Figure 3 shows the CSIRO mobile gas testing laboratory with a fast desorption crusher and 3 sizes of
coal canisters. The mobile facility is used to measure the gas content and gas composition on mine
sites thereby almost eliminating the time required transporting the coal canister to the laboratory and
the associated risk of gas leakage during the transport. It also speeds up the turnover of the sampling
canisters when these are limited in numbers.
In the assessing gas emission from shallow coal seams or whenever the gas content is low, it is
necessary to determine the residual gas content of coal,. If, for example, the crushed coal is rapidly
flushed with nitrogen and then monitored for gas release one can readily observe further emissions.
Figure 4 shows the extent of Q'3 as a function of Q2+Q3 (which, if Q1) is small approximates to Qm.
These data were obtained by rapidly taking about 10% of the crushed coal and sealing in another
container of size such that there was a high void space. After a day or two after the completion of the
crushing the extra gas released was measured. It can be seen from Figure 4, that these coal samples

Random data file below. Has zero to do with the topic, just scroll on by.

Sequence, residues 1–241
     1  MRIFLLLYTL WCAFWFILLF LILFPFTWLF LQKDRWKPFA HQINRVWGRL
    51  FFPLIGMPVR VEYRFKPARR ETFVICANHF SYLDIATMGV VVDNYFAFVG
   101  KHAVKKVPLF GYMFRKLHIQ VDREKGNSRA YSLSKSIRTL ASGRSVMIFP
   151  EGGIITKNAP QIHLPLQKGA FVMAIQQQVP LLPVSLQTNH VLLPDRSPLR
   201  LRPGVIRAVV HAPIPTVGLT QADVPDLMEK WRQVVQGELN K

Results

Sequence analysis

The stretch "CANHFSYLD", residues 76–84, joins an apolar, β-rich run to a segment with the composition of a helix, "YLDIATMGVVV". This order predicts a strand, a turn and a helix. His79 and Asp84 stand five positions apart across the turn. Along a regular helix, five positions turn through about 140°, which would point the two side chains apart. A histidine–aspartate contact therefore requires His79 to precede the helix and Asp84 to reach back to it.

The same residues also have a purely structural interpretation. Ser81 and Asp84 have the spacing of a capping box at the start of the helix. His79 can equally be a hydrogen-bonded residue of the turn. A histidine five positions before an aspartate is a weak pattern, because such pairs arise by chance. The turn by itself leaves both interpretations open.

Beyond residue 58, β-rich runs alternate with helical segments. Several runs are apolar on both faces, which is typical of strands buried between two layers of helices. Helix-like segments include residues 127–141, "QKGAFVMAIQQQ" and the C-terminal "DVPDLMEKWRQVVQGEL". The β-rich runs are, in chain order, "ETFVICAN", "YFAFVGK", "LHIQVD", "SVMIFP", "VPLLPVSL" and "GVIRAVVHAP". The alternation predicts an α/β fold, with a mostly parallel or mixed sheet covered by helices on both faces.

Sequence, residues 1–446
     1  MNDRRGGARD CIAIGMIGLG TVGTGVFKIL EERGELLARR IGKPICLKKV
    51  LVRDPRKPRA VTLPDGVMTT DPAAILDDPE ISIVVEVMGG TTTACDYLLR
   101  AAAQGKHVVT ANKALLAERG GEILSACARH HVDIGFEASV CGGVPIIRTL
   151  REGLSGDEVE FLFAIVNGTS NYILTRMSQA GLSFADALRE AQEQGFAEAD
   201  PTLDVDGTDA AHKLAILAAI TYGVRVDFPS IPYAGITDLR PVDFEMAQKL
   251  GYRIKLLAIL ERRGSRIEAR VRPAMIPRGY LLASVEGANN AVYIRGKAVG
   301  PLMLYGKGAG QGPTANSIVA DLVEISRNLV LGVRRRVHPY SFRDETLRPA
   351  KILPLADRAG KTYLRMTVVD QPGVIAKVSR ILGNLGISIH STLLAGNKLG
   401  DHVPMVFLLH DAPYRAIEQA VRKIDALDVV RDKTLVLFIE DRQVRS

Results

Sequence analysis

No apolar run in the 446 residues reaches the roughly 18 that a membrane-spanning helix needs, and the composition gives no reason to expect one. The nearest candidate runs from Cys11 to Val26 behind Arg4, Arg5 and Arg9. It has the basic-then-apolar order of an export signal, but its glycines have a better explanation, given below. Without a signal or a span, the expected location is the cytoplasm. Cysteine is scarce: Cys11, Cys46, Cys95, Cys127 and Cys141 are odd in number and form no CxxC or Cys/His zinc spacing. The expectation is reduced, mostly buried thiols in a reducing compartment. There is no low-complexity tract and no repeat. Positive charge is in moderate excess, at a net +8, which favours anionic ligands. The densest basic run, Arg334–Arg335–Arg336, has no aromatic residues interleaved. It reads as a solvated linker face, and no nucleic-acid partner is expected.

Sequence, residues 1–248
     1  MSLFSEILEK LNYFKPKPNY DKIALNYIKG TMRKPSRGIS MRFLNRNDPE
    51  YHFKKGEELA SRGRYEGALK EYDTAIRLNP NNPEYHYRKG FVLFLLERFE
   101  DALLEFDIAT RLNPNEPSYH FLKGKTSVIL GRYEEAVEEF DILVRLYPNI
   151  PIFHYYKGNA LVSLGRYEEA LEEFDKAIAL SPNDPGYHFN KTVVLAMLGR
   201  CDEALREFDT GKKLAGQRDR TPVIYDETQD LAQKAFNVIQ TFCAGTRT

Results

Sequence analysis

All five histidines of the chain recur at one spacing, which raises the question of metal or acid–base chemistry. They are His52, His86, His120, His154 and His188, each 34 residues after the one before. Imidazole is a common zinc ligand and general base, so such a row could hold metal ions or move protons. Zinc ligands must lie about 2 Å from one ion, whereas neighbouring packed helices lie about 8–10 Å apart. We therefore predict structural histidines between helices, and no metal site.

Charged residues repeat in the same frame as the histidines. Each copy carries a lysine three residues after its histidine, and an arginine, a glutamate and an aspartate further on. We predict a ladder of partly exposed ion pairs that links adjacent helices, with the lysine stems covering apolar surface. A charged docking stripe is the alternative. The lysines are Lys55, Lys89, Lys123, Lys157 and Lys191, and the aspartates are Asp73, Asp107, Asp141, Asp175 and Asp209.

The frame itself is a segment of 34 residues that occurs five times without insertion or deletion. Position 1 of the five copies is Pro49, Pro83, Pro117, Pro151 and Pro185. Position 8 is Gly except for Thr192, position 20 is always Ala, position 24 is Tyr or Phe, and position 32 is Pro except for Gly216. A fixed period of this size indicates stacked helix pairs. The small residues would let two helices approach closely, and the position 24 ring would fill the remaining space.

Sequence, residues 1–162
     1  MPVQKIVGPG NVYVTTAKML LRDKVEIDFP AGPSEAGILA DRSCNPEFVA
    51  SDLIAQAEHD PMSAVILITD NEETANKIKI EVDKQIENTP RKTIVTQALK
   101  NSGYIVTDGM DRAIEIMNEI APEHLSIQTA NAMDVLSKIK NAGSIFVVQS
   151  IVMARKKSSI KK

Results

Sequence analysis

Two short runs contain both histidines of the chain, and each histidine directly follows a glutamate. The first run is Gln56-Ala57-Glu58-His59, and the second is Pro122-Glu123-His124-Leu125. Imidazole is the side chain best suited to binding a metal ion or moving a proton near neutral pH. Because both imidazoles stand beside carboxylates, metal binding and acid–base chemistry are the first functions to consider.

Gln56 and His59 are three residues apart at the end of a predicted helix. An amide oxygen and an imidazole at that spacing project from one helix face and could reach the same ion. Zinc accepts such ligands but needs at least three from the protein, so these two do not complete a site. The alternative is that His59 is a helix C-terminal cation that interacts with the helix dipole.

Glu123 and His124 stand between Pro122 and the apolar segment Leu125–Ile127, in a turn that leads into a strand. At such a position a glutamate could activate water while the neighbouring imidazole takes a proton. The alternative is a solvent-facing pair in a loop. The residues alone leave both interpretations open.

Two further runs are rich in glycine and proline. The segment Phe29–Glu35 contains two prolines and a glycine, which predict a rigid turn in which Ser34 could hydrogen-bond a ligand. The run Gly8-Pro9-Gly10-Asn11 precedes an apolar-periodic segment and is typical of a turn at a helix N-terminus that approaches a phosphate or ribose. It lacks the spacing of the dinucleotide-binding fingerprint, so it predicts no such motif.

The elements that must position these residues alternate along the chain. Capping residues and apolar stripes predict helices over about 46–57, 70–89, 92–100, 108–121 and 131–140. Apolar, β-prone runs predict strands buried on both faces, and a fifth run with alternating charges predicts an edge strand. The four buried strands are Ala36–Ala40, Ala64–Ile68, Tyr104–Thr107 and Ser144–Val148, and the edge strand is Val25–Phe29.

exhibited Q’3 values of up to 0.9 m3/t. Almost 95% of samples had residual content of up to 0.8 m3/t.

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Gas from Coal Symposium, 27 March 2001, Brisbane

Figure 2 – Gas content testing using quick crush method.


200 to 300 g of coal is placed in the smaller container and pulverised to 100% –200 µm and gas
released is measured.

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Gas from Coal Symposium, 27 March 2001, Brisbane

Figure 3. CSIRO mobile gas testing laboratory

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Gas from Coal Symposium, 27 March 2001, Brisbane

2.0
1.8
G as releas ed after cru shing (m /t)
3

1.6
1.4
1.2
3
1.0 Q ' 3 = 0 .85 m /t
0.8
0.6
0.4
0.2
0.0
0 2 4 6 8 10 12 14 16 18 20
3
G as releas ed be fo re and d uring cru shing , Q 2+Q 3 ( m /t)

Figure 4 – Gas released from pulverised coal after the completion of the crushing

The adsorption isotherm


The relation between the quantity of gas adsorbed and free gas pressure to which the material is
exposed is called an adsorption isotherm. Results from such measurements quantify the storage
capacities of a given coal at various gas pressures and temperatures.
Measurement of the adsorption isotherm can be carried out in the laboratory using either gravimetric
or volumetric methods. The gravimetric method measures the increase of coal sample weight during
gas adsorption. The volumetric method estimates the volume of gas adsorbed into the coal based on
the measurement of volume and pressure of gas in the adsorption container.
Various quantity and size of coal may be used to determine the adsorption isotherms. As the diffusion
of gas into coal depends on grain sizes, it is nearly impossibly to measure the adsorption of gas to a
lump sample of coal at reasonable time (less than a week). The coal is therefore crushed to an standard
size (70% < 90 µm and 100% < 250 µm) and then is exposed to gas at various pressures for a given